## one bridge further

Posted in Books, R, Statistics, University life with tags , , , , , , , , , , , , on June 30, 2020 by xi'an Jackie Wong, Jon Forster (Warwick) and Peter Smith have just published a paper in Statistics & Computing on bridge sampling bias and improvement by splitting.

“… known to be asymptotically unbiased, bridge sampling technique produces biased estimates in practical usage for small to moderate sample sizes (…) the estimator yields positive bias that worsens with increasing distance between the two distributions. The second type of bias arises when the approximation density is determined from the posterior samples using the method of moments, resulting in a systematic underestimation of the normalizing constant.”

Recall that bridge sampling is based on a double trick with two samples x and y from two (unnormalised) densities f and g that are interverted in a ratio $m \sum_{i=1}^n g(x_i)\omega(x_i) \Big/ n \sum_{i=1}^m f(y_i)\omega(y_i)$

of unbiased estimators of the inverse normalising constants. Hence biased. The more the less similar these two densities are. Special cases for ω include importance sampling [unbiased] and reciprocal importance sampling. Since the optimal version of the bridge weight ω is the inverse of the mixture of f and g, it makes me wonder at the performance of using both samples top and bottom, since as an aggregated sample, they also come from the mixture, as in Owen & Zhou (2000) multiple importance sampler. However, a quick try with a positive Normal versus an Exponential with rate 2 does not show an improvement in using both samples top and bottom (even when using the perfectly normalised versions)

morc=(sum(f(y)/(nx*dnorm(y)+ny*dexp(y,2)))+
sum(f(x)/(nx*dnorm(x)+ny*dexp(x,2))))/(
sum(g(x)/(nx*dnorm(x)+ny*dexp(x,2)))+
sum(g(y)/(nx*dnorm(y)+ny*dexp(y,2))))


at least in terms of bias… Surprisingly (!) the bias almost vanishes for very different samples sizes either in favour of f or in favour of g. This may be a form of genuine defensive sampling, who knows?! At the very least, this ensures a finite variance for all weights. (The splitting approach introduced in the paper is a natural solution to create independence between the first sample and the second density. This reminded me of our two parallel chains in AMIS.)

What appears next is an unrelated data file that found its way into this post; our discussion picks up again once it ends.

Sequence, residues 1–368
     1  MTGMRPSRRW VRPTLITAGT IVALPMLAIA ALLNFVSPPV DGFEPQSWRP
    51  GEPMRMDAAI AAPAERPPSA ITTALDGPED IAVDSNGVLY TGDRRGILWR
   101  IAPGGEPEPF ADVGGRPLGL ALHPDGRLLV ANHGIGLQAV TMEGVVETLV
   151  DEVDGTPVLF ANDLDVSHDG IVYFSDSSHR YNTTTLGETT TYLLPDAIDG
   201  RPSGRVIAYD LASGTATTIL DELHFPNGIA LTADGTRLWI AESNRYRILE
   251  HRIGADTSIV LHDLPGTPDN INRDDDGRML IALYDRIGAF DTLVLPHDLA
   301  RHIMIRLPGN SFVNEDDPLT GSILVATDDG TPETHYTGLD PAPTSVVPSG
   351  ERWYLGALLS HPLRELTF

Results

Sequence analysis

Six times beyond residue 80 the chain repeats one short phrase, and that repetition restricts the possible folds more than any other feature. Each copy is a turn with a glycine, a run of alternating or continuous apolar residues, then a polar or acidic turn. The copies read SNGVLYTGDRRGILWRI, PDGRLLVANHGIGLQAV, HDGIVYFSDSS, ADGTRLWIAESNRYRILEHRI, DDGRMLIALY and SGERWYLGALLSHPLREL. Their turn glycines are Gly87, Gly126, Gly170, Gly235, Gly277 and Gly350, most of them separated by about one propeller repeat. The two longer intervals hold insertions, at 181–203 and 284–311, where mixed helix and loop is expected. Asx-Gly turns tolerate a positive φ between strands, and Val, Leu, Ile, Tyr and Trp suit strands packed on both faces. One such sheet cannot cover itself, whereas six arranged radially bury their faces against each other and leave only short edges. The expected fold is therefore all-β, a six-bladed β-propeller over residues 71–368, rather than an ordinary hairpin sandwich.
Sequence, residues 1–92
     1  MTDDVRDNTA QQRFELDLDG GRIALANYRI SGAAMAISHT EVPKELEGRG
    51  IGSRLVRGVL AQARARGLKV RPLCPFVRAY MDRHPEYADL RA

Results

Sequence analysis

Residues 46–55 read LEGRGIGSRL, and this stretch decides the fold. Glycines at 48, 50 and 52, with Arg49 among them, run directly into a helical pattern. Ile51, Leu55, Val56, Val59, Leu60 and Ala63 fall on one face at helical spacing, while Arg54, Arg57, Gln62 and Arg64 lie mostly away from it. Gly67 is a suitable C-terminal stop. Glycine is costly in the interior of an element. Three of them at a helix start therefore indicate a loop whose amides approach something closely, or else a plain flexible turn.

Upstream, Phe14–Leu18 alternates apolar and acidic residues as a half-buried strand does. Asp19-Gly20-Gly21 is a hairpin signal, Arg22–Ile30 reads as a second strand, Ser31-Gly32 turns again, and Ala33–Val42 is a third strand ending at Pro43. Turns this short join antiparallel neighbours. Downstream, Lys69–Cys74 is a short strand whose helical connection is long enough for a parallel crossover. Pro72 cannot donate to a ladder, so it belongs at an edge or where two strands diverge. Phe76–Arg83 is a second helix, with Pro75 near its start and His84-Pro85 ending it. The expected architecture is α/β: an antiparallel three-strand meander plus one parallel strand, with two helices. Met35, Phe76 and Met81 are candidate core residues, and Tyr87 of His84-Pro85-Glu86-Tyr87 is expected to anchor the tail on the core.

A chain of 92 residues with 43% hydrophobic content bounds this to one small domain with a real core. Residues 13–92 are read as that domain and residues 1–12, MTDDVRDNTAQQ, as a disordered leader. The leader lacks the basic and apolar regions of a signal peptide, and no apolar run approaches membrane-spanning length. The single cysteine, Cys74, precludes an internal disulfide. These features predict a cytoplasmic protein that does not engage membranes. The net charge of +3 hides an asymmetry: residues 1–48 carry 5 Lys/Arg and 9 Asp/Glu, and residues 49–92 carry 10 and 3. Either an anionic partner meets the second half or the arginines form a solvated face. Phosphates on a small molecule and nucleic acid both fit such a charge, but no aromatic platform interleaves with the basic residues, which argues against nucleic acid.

## neural importance sampling

Posted in Books, Kids, pictures, Statistics, University life with tags , , , , , , , , , , on May 13, 2020 by xi'an Dennis Prangle signaled this paper during his talk of last week, first of our ABC ‘minars now rechristened as The One World ABC Seminar to join the “One World xxx Seminar” franchise! The paper is written by Thomas Müller and co-authors, all from Disney research [hence the illustration], and we discussed it in our internal reading seminar at Dauphine. The authors propose to parameterise the importance sampling density via neural networks, just like Dennis is using auto-encoders. Starting with the goal of approximating $\mathfrak I=\int_{\mathfrak D} f(x)\text{d}x$

(where they should assume f to be non-negative for the following), the authors aim at simulating from an approximation of f(x)/ℑ since this “ideal” pdf would give zero variance.

“Unfortunately, the above integral is often not solvable in closed form, necessitating its estimation with another Monte Carlo estimator.”

Among the discussed solutions, the Latent-Variable Model one is based on a pdf represented as a marginal. A mostly intractable integral, which the authors surprisingly seem to deem an issue as they do not mention the standard solution of simulating from the joint and using the conditional in the importance weight. (Or even more surprisingly and obviously wrongly see the latter as a biased approximation to the weight.)

“These “autoregressive flows” offer the desired exact evaluation of q(x;θ). Unfortunately, they generally only permit either efficient sample generation or efficient evaluation of q(x;θ), which makes them prohibitively expensive for our application to Mont Carlo integration.”

When presenting normalizing flows, namely the representation of the simulation output as the result of an invertible mapping of a standard (e.g., Gaussian or Uniform) random variable, x=h(u,θ), which can itself be decomposed into a composition of suchwise functions. And I am thus surprised this cannot be done in an efficient manner if transforms are well chosen…

“The key proposition of Dinh et al. (2014) is to focus on a specific class of mappings—referred to as coupling layers—that admit Jacobian matrices where determinants reduce to the product of diagonal terms.